When it comes to forests, the position of the World People’s Conference in regard that this should be done in an environmentally integrative way fully respectful of the rights of Indigenous Peoples is also there, and of course defending what we call real forests, and not trying to change forests into plantations.

So the main proposals of the World People’s Conference that took place from April 20 to 22nd in Bolivia are now in the text of negotiation. I am open to any questions you may have.

John Vidal (Guardian): We’ve heard the Americans, we’ve heard the European Union, we’ve heard others saying that the text is now so big that it’s going to be very difficult to negotiate it, and that there are unrealistic things put into the text, and I think they’re probably referring to some these things you mentioned. How would you respond to that, that what you’re doing is you’re proposing things that cannot be conceivably got through?

Ambassador Solon: From our point of view, the proposals that we have made are proposals to really save the planet and save humanity. When we say that there should be 6% of the budget for climate change issues, we are not speaking about a figure that is outside any imagination. Just four days ago in a conference, Pachauri, the president of the IPCC, said that if the world doesn’t expend 3% of the worldwide domestic product, we can suffer severe consequences in the near future. So these figures are based on real assessments and studies of different sectors and scientists. And when we ask for a climate court of justice, we are saying: if what is in place is something that can really mean the disappearance of 30, 40% of biodiversity and millions of people are going to be affected, then we need to have a compliance mechanism that is much stronger than what we have now. So those are our proposals, and we think that if we don’t discuss seriously real commitments, in the end, we’re not going to solve the problem of climate change.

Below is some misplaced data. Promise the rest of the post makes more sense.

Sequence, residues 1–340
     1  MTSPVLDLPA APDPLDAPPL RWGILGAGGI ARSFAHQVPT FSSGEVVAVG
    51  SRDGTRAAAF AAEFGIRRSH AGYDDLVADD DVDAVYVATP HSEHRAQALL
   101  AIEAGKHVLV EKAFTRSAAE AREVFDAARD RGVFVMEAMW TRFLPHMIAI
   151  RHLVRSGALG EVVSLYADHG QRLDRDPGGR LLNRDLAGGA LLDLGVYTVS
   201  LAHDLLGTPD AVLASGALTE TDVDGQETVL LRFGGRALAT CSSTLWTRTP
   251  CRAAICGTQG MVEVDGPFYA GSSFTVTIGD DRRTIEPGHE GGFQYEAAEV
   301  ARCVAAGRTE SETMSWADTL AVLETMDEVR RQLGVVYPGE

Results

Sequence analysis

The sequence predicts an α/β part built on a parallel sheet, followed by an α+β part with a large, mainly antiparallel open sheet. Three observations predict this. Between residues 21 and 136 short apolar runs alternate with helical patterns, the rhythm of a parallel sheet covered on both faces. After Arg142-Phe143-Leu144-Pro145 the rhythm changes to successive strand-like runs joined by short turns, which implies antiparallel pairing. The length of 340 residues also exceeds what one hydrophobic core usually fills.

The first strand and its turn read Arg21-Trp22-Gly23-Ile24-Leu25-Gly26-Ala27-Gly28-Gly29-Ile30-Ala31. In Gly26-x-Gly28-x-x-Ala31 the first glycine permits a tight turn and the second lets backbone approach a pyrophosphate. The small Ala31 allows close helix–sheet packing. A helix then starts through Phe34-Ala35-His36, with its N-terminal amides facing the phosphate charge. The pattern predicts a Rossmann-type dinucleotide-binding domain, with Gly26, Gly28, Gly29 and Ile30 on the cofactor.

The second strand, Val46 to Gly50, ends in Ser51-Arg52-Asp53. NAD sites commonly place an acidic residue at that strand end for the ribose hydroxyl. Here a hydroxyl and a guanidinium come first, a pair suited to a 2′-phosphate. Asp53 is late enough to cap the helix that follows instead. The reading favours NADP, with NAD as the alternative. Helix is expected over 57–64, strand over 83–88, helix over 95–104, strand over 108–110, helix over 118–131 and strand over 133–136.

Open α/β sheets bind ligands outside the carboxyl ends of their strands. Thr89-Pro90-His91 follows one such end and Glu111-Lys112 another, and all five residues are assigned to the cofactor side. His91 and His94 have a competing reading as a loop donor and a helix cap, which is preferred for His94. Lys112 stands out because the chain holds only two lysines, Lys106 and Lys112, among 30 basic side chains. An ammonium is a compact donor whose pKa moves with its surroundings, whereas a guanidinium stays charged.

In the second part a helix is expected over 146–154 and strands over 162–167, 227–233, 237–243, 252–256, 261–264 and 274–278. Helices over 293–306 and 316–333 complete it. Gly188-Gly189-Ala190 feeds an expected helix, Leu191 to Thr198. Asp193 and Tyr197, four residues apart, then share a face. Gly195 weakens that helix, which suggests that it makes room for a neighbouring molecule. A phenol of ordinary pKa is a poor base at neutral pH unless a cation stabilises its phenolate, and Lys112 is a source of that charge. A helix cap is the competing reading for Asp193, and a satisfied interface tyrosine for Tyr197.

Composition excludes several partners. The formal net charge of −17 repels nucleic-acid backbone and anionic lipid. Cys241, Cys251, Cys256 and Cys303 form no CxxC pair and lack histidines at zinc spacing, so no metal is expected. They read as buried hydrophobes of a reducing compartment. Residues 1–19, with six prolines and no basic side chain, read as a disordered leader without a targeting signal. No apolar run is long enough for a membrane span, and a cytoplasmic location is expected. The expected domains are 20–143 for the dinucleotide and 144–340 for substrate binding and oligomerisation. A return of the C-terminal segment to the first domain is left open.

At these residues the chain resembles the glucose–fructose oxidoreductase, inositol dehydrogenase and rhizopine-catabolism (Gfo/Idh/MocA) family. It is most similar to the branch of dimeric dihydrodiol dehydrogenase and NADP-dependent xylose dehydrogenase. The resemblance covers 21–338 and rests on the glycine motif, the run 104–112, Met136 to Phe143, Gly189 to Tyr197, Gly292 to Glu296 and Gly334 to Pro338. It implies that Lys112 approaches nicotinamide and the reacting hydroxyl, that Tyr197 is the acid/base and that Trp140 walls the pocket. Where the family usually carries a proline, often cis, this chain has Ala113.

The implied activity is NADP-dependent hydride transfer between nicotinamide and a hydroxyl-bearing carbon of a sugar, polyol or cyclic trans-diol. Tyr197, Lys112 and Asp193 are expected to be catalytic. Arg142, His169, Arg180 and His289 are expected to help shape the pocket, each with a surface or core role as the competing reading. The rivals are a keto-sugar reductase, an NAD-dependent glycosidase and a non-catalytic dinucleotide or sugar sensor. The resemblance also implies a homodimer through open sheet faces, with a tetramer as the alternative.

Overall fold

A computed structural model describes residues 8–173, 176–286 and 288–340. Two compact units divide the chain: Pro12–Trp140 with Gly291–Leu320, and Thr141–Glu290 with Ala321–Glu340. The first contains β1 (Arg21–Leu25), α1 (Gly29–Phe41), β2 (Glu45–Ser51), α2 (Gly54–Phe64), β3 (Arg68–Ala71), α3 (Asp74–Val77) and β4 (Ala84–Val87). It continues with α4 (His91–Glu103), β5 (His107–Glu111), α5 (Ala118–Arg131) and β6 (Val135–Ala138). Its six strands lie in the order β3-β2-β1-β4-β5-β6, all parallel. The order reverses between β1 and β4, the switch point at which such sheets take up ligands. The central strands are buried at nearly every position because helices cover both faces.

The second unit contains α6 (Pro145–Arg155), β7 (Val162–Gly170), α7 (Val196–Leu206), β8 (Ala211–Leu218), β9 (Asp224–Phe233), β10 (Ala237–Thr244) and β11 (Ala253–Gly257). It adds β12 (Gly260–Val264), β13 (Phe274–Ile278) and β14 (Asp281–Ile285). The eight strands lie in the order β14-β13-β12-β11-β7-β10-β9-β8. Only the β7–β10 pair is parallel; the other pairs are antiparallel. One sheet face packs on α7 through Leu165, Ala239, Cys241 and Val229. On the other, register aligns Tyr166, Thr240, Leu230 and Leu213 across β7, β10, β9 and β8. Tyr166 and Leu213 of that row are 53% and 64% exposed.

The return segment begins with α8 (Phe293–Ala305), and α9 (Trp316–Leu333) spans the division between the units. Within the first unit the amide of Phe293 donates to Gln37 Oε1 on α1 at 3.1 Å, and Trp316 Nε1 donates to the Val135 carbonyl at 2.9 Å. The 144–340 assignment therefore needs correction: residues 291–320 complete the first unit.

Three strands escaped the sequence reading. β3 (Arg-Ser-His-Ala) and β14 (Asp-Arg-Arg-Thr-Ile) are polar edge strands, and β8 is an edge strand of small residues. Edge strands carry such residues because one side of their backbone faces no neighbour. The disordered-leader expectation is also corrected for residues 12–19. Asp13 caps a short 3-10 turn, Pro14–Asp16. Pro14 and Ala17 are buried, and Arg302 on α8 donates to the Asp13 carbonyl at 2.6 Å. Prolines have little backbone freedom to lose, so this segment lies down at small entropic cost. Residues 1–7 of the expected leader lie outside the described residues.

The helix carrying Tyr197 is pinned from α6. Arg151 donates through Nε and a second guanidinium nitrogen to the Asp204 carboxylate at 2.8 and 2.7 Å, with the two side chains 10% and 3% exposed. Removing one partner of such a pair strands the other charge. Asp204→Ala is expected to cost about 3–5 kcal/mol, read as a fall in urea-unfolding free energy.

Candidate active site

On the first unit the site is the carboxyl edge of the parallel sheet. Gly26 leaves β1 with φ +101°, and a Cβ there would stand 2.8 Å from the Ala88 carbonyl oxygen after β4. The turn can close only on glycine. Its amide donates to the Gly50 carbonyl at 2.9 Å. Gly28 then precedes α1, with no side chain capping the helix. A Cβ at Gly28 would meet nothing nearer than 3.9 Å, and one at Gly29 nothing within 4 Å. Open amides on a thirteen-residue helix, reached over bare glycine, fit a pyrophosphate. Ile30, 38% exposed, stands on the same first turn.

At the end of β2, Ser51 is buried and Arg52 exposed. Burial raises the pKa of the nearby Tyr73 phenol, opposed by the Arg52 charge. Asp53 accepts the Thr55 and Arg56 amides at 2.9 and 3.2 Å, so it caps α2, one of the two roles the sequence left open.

John McGarrity (Point Carbon): I just need to confirm some details that some of the other negotiators were talking about in their press conferences. This issue of MRV. It appears that the row between China and the US that was papered over in the Copenhagen Accord could be opening up again. Just wondering what your views are on that and whether this issue will cause fireworks at the meeting in China and be a major problem in getting China and the US to agree on other issues.

Pablo Solon: The problem is that… the US thinks that the Copenhagen Accord is already the basis for agreement. And other countries that have associated with the Copenhagen Accord have a more open view… it’s mainly a declaration but the paragraphs that are there need further interpretation, and they interpret those paragraphs in a different way from what the US thinks is the interpretation. You have pointed out one of the issues. It’s not the only one, but it’s one.

John McGarrity (Point Carbon): Is it fair to say that when countries get down to negotiating paragraph by paragraph and negotiate in detail that the divergence become even more apparent? The idea of the devil-in-the-details, that countries when they are faced with proposals in black and white on a negotiating text, that they would balk at the proposals put forth by other blocks of countries?